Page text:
Considered to be native to southern Asia, cucumbers are vine crops that grow best under conditions of high light, temperature, and humidity, fortified by a generous supply of water and nutrients. Their optimal photoperiod is 16 to 20 hours, and they prefer daily high temperatures between 75 to 73 and 80 °F (23 and 27 °C) with lows between 60 and 70°F (19-17 and 21°C).
There are many options for staging your greenhouse for cucumbers, depending on the variety and type of growing system. as they can be trellised or hung. But keep in mind that they need ample grow space, so plant density is a key consideration. Your training and pruning practices will also influence plant density, which in turn will affect many factors that are critical to crop growth and yield, including the light your plants receive. The optimal plant density is ultimately dependent on the available level of light since light is a key limiting factor for cucumbers. Crop quality and quantity will decline if your plants are not receiving the light they need.
Greenhouse cucumbers and light
When optimizing the light for greenhouse cucumbers, you first need to consider the natural light that will reach your plants. When natural light levels are low, it may be beneficial to add supplemental lighting. The light that shines into your facility plus the supplemental light you provide to crops in a 24-hour period comprises the total Daily Light Integral (DLI). DLI is a measure of the sum of the Photosynthetically Active Radiation (PAR) that plants use for photosynthesis over the course of a day. While cucumbers can tolerate a wide DLI range to be salable, they develop best under a DLI of 20 to 35 moles or even higher.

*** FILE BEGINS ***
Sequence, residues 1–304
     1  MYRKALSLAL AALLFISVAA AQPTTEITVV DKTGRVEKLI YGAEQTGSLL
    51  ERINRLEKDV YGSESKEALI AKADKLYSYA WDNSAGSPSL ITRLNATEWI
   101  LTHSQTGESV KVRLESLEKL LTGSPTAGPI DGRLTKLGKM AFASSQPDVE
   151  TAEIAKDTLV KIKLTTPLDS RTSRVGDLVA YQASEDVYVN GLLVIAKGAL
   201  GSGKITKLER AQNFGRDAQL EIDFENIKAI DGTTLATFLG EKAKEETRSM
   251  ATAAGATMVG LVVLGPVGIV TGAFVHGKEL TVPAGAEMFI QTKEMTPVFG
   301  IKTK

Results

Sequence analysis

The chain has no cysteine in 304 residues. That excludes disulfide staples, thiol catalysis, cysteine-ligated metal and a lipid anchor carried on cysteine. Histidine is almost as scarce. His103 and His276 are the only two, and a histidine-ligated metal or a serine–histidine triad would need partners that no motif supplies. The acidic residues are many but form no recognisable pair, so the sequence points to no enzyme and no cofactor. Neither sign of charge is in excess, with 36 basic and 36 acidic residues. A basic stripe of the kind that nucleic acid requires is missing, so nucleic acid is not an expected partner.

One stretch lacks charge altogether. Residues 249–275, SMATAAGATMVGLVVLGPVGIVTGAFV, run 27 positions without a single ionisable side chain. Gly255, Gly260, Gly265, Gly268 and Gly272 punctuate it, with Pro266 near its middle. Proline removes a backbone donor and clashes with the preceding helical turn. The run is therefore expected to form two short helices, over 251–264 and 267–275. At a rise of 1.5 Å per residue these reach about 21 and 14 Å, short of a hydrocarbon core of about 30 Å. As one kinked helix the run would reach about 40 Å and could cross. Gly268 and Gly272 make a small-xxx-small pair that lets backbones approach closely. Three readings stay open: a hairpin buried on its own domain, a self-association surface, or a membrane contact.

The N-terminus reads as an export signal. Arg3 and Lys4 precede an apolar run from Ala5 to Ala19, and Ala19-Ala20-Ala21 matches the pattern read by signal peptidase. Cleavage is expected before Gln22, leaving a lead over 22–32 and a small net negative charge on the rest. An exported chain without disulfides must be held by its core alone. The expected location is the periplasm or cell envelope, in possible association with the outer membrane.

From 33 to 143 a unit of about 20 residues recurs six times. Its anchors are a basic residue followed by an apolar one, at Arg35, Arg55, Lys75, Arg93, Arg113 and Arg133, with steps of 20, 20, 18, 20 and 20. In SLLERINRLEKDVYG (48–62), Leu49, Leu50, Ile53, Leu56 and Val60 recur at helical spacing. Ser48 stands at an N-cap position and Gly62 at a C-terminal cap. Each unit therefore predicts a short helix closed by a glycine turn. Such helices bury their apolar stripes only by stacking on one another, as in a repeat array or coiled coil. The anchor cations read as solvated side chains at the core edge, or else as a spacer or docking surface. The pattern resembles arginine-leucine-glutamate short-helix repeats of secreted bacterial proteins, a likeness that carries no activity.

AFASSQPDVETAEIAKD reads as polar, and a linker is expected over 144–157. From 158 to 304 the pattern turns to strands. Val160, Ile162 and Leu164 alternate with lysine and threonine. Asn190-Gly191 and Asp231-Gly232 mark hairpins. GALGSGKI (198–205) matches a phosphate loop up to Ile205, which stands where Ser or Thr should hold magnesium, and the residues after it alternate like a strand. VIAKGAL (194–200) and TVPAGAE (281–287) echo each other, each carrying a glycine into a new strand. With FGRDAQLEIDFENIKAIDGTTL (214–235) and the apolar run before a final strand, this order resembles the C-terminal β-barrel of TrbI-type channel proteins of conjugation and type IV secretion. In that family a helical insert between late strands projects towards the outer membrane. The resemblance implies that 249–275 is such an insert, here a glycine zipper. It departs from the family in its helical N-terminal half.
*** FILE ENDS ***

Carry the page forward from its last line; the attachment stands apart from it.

Greenhouse cucumbers derive the most benefit from supplemental lighting during the winter months when natural sunlight is in limited supply. But you may also need to supplement the light in other seasons, depending on your geographic area, weather patterns, shaded areas in your greenhouse, and more.
Overall, increasing the light available to cucumbers has been directly related to increases in production – even under high-light conditions in a greenhouse. While increasing DLI generally increases biomass and fruit, every plant has a threshold beyond which further light exposure may produce diminishing returns.
In addition to needing light in the right quantity and duration, our in-house research has shown that cucumbers are affected by changes in the quality, or spectra, of light they receive. Some cucumbers are sensitive to far-red (FR) and fail to develop normal morphology when FR is excluded from the spectrum. Other parts of the spectrum and the balance between them have also shown to have an impact on cucumbers, like the blue-to-green ratio.